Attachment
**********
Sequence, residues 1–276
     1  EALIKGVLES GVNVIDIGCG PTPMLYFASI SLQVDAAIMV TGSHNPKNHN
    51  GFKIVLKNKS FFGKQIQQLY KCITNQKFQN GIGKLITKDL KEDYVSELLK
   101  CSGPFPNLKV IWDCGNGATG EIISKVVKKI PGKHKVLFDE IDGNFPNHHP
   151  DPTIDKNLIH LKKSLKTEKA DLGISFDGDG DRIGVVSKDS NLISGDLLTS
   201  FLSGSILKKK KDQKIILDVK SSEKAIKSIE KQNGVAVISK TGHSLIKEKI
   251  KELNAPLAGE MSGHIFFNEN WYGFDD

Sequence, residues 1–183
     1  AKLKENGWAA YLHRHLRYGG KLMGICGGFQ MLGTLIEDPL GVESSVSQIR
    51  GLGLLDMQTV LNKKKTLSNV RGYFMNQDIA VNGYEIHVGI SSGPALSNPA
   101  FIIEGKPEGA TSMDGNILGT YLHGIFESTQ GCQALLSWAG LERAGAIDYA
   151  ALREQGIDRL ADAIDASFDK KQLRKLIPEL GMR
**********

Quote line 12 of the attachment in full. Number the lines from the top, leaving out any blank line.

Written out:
   151  ALREQGIDRL ADAIDASFDK KQLRKLIPEL GMR